The impasse, two months after the country's historic national elections, is rooted in disagreements about the posts that should be granted to Sunni Arabs, an attempt to incorporate in the new government members of the minority group that dominated under ousted dictator Saddam Hussein.
The Sunni Arab minority — believed to be the backbone of the insurgency — was given until Sunday to come up with a candidate to serve as speaker.
"We saw that things were confused ... so we gave (the Sunnis) a last chance," said Hussein al-Sadr, a Shiite cleric and member of interim Prime Minister Ayad Allawi's coalition. "We expect the Sunni Arab brothers to nominate their candidate. Otherwise, we will vote on a candidate on Sunday."
In other developments
The Shiite-led United Iraqi Alliance party, along with the Kurdish coalition, want a Sunni Arab to take the parliament speaker post as way to bring more Sunnis into the new government. Many Sunnis boycotted the Jan. 30 elections or simply stayed home because they feared attacks at the polls.
Officials lobbied a prominent Sunni Arab leader, interim President Ghazi al-Yawer, to take the job. But he held out for one of two vice presidential spots. The Sunni-nominated candidate, Adnan al-Janabi, was vetoed by the Shiites and Kurds due to his brother's ties to Saddam's former regime.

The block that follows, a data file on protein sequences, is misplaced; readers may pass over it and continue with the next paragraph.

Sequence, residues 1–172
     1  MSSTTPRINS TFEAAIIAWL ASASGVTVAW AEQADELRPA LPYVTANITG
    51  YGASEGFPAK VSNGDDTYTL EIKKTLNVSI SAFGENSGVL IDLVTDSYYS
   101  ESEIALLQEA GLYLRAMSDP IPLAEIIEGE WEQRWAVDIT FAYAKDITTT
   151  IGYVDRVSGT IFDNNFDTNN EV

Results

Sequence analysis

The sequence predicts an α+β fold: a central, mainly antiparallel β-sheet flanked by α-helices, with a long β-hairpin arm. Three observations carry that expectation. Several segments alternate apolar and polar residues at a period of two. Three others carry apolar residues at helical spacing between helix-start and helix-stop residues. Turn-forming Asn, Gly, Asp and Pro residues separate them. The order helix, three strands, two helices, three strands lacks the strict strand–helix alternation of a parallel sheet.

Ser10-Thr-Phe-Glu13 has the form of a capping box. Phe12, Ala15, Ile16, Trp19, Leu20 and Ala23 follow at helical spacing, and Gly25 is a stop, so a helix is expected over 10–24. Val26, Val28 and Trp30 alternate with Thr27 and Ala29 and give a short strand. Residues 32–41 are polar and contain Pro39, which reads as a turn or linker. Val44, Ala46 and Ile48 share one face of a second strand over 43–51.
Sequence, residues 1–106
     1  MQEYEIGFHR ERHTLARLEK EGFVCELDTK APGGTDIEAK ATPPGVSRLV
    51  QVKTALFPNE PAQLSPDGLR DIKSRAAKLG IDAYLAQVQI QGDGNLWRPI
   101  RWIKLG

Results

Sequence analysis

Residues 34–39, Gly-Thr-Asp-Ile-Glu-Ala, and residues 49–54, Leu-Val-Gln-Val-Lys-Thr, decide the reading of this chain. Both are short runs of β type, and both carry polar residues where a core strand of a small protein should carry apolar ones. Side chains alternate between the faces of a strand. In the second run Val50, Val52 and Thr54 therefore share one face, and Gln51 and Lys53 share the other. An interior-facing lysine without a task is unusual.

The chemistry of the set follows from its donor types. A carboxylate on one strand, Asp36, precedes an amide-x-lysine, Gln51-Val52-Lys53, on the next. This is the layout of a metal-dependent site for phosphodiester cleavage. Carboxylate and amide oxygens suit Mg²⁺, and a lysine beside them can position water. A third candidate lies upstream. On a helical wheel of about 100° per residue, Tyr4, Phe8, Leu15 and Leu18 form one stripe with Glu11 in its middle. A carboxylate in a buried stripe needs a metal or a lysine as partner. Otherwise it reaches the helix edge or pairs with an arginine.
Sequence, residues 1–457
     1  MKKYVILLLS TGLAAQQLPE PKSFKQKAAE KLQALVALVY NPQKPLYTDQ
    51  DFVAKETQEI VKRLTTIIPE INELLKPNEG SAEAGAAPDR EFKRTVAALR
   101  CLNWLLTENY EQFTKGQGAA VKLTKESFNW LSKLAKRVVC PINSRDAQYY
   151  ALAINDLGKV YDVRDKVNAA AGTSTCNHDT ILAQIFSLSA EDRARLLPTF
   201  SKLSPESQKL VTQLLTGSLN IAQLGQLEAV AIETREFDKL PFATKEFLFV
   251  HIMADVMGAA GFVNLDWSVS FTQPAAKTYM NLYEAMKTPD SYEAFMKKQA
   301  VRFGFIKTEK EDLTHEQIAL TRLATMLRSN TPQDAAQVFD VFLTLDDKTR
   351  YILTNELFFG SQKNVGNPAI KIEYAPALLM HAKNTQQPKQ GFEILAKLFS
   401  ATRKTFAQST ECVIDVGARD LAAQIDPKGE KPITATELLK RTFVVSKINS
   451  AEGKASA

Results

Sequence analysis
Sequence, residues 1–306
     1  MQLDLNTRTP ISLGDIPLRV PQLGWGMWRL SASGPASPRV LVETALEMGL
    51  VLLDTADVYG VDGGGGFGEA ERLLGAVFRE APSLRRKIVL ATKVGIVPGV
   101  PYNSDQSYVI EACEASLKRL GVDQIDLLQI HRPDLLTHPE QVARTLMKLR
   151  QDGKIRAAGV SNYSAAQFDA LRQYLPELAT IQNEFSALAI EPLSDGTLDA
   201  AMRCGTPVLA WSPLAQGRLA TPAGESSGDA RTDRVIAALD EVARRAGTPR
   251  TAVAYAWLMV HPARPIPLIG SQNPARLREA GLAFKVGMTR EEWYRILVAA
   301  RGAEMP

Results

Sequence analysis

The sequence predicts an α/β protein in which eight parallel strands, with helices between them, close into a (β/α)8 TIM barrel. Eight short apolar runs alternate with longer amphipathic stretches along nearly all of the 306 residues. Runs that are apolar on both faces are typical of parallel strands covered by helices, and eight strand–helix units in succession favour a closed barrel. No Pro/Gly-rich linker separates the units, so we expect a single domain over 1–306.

Some politicians speculated that the delay could force them to request a six-month extension to the Aug. 15 deadline for drafting the country's permanent constitution. But most were opposed to the idea.
The assembly still needs to name an Iraqi president and two deputies, who will in turn nominate a prime minister. The presidency is expected to go to Kurdish leader Jalal Talabani and the premiership to Shiite politician Ibrahim al-Jaafari.
Negotiations over the top posts in the different ministries also continue, with both the Kurds and Shiites vying for the Oil Ministry position. Some Sunnis hope to get the Interior Ministry post, but the Alliance wants them to have the Defense Ministry position instead.
Together, the Alliance and the Kurdish coalition have 215 seats in the 275-seat National Assembly — enough to push through their proposals. But they have been reluctant to alienate the Sunni Arabs and other minority groups, saying they want an inclusive government.